By Irene Kushner
Support Services Coordinator
Service Coordination, Jewish Community Services
Last year, the nation marked the 65th birthday of the first Baby Boomers. The rate at which this age group has adapted to technology is understandably lagging behind the generations who have come after them. But the rate at which their children and grandchildren are using technology is climbing very fast.
Today, millions of American families are separated by distances that are too wide to make day-to-day grand-parenting possible. Just look around. How many of your friends, colleagues or neighbors live in families with three generations present? How many grandparents live near their children and grandchildren?
The more family trees branch off — as children head out of state to college, Boomers relocate for work, and grandparents move to warmer areas — the harder it is to stay in touch. Geographical distances strain the real life, face-to-face relationships that we value. It’s very easy to take important relationships and slide them to the side if they are not in front of you as often as those on your computer or phone.
Many grandparents will tell you they’ll do everything they possibly can to communicate with their grandkids. Most Boomers understand they must jump on the Facebook/Skype/texting bandwagon, or be left permanently out of the loop. Grandparents are using their own ingenuity to keep their grandchildren emotionally close, and more and more are embracing the new technology. They reap enormous emotional benefits through online communication with family and friends. The Internet uplifts their spirits and creates new life for them, making them feel young again. Video conferencing is the most satisfying experience that enables seniors to see and talk with their loved ones in real time.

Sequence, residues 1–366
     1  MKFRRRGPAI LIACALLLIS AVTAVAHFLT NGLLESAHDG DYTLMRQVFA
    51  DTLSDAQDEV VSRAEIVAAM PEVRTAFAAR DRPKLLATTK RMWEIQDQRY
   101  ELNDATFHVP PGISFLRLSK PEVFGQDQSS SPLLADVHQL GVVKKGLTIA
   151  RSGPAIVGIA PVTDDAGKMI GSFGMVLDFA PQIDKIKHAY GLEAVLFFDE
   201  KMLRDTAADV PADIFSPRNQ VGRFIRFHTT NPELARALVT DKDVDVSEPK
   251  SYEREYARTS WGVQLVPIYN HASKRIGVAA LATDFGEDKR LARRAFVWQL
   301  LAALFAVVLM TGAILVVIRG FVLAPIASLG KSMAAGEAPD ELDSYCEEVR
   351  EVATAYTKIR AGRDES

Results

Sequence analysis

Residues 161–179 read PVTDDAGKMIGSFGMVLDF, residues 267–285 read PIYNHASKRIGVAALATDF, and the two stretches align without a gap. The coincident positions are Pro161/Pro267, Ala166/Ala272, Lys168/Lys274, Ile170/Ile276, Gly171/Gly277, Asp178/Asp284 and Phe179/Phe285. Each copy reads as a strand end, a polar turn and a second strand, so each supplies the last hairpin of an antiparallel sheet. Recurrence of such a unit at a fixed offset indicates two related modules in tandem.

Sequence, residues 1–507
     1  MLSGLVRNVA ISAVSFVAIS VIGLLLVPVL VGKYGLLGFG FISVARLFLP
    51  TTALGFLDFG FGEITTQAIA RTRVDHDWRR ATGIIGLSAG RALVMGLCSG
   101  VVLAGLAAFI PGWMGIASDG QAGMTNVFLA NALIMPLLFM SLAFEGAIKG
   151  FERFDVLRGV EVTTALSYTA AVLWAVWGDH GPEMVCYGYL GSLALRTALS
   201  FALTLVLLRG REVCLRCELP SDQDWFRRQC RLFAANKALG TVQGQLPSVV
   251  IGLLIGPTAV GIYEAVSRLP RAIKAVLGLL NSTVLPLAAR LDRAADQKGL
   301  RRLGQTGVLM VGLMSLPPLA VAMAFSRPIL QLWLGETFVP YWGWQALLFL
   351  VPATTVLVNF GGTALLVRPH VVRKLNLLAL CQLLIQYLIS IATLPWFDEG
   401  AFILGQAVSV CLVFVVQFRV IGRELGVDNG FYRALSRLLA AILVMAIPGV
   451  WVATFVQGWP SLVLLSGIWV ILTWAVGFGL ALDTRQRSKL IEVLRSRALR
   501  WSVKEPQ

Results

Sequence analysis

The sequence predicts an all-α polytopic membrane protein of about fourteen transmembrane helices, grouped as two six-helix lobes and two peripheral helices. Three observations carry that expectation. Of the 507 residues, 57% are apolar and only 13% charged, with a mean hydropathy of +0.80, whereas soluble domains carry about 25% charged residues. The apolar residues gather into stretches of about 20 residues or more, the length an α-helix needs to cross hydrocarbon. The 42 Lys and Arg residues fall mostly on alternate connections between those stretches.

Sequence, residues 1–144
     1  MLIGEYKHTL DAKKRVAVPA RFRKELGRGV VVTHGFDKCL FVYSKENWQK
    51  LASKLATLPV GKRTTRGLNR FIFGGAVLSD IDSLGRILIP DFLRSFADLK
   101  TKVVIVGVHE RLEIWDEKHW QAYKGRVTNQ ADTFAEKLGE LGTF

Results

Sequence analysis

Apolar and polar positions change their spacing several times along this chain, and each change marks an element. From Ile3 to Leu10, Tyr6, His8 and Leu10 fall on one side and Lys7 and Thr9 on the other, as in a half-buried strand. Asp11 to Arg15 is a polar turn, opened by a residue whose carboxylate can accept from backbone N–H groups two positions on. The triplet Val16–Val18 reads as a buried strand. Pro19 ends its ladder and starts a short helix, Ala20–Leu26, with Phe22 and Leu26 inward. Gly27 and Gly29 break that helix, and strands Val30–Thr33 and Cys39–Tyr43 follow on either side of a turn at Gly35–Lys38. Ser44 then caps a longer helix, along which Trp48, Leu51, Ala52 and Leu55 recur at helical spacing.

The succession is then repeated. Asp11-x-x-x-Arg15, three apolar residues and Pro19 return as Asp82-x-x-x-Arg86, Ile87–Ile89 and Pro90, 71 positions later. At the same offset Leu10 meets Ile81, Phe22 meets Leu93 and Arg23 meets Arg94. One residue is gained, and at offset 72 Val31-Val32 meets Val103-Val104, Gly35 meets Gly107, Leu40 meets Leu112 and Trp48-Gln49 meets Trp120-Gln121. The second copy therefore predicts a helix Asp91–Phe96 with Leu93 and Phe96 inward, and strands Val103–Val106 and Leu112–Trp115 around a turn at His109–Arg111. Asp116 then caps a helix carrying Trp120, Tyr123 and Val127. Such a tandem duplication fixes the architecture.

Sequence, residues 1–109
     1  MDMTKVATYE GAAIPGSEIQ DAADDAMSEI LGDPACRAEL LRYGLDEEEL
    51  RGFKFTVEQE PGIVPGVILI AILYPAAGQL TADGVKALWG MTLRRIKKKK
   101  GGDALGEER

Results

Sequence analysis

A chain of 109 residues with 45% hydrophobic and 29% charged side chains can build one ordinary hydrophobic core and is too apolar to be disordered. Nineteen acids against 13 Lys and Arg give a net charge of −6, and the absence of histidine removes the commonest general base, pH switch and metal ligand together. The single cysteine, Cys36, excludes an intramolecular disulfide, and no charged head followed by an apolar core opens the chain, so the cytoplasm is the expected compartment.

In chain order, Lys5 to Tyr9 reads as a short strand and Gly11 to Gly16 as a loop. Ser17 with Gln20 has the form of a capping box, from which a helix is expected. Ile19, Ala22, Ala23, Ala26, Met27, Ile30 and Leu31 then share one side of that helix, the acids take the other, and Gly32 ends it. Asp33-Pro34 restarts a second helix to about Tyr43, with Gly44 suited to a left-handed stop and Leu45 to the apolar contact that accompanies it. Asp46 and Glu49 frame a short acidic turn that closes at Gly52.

Here’s what seniors are saying:
“I’ve got 2 grandkids. If I send them a text, they will respond 10 times quicker than they’ll respond to a voice mail.”
“I can log on to Facebook to see what my grandkids are doing through their posts. I love seeing pictures of their activities and travels.”
“You can write messages any time to your grandchildren without disturbing them.”
“I get a thrill out of impressing my granddaughter with my technical know-how.”
We grew up with lined paper and the heft of a fine writing instrument. But now there is an entire generation of kids growing up who have never experienced what life was like before social networking sites. There are a million arguments for completely ignoring Facebook and other social media:
“Why can’t they just…?”
“What was wrong with…?”
“Hand-written this or that…”
And nobody under the age of 40 cares about any of it. None of it matters anymore. We are old dogs who must betray the saying and learn new tricks. We must commit to keeping up with the way that communication happens today, or else it will be happening among all the people we care about, without us.
Do you think it’s the adult children’s responsibility to make sure seniors or grandparents don’t feel they are left behind, to set up the various communication lines and make it happen? Sure, it takes time and a little patience to do this. But isn’t it also one way of showing that we value and care for our elders, and that we want our children to enjoy special relationships with their grandparents?
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